Carpal Tunnel Syndrome
The carpal tunnel is a narrow passageway found between the bones of the base of the hand, specifically the pisiform, semi-lunate, pyramid and scaphoid, containing tendons and the median nerve in its proximal aspect, while distally it is formed by the trapezium, trapezoid, capitate and hamate. It is in this space where the median nerve can become trapped, resulting in peripheral neuropathy. This entrapment can be produced by the presence of fluid, inflammation of one of the tendons or any process that reduces space in the tunnel.
Guyon’s canal syndrome.
Guyon’s canal is formed by the transverse carpal ligament, the carpal ligaments and the opponens pollicis muscle of the 5th finger, with the volar carpal ligament and the palmar brevis muscle forming its roof. The ulnar nerve, which divides at this point into its superficial and deep branches, can become trapped or compressed as it passes through the canal, resulting in a neurological syndrome affecting the sensitivity of the 5th finger and part of the 4th, as well as the motor function of the hand muscles, leading to problems in bringing the fingers together and separating them.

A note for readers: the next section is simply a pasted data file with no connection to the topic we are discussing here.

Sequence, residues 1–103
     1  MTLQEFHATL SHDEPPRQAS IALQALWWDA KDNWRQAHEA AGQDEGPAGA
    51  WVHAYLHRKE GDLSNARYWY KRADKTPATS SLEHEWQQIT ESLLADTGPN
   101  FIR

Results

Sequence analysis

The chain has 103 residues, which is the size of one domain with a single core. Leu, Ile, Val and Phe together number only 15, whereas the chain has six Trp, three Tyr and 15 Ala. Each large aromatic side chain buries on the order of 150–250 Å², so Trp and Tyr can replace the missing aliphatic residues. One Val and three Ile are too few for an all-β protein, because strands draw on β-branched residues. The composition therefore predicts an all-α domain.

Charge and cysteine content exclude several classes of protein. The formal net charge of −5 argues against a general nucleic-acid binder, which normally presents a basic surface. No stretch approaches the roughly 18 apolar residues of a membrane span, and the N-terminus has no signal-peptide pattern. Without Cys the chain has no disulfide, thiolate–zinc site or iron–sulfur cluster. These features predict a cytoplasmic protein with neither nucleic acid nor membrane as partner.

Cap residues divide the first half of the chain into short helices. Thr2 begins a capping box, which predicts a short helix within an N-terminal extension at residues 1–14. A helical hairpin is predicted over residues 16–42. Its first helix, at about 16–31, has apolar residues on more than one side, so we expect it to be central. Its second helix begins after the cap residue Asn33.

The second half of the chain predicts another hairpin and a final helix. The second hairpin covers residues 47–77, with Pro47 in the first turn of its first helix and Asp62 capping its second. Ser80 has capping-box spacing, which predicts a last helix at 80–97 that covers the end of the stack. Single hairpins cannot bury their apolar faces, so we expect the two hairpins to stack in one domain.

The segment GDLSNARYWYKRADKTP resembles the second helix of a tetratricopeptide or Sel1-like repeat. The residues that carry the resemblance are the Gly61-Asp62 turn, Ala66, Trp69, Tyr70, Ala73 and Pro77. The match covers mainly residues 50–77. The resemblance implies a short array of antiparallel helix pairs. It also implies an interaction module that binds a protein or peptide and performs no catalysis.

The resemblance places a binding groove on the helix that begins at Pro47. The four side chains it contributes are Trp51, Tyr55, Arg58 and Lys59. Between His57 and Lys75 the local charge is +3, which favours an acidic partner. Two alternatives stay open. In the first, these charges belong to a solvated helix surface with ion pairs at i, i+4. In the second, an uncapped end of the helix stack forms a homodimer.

A sensation of heat, numbness in the middle and index fingers, and especially the thumb. As it worsens, the patient experiences cramps and has difficulty making a fist, picking up objects and performing manual tasks. Loss of sensitivity is evident in some cases and pain is present in the upper area of the hand and wrist. Symptoms increase with activity, but can subside with massage and relaxation.
Guyon’s canal syndrome.
Atrophy of the hypothenar eminence and the interosseous muscles with weakness in closure movements and/or ulnar flexion of the wrist. Paresis, hypoesthesia and paresthesia in the area innervated by the ulnar affecting the flexors of the 4th and 5th fingers and the intrinsic musculature.
Rehabilitation treatment, including the use of moist warm compresses, paraffin and other techniques such as laser or electrotherapy, as well as preventative treatments like wrist mobility exercises during rest periods, in conjunction with the use of unloading splints that enable immobilisation of the wrist, hand and finger joints, as in the case of Guyon’s syndrome, are very useful for keeping the joints at rest during day and nighttime use, and preventing postural attitudes during sleep like those in which the wrists are in flexion.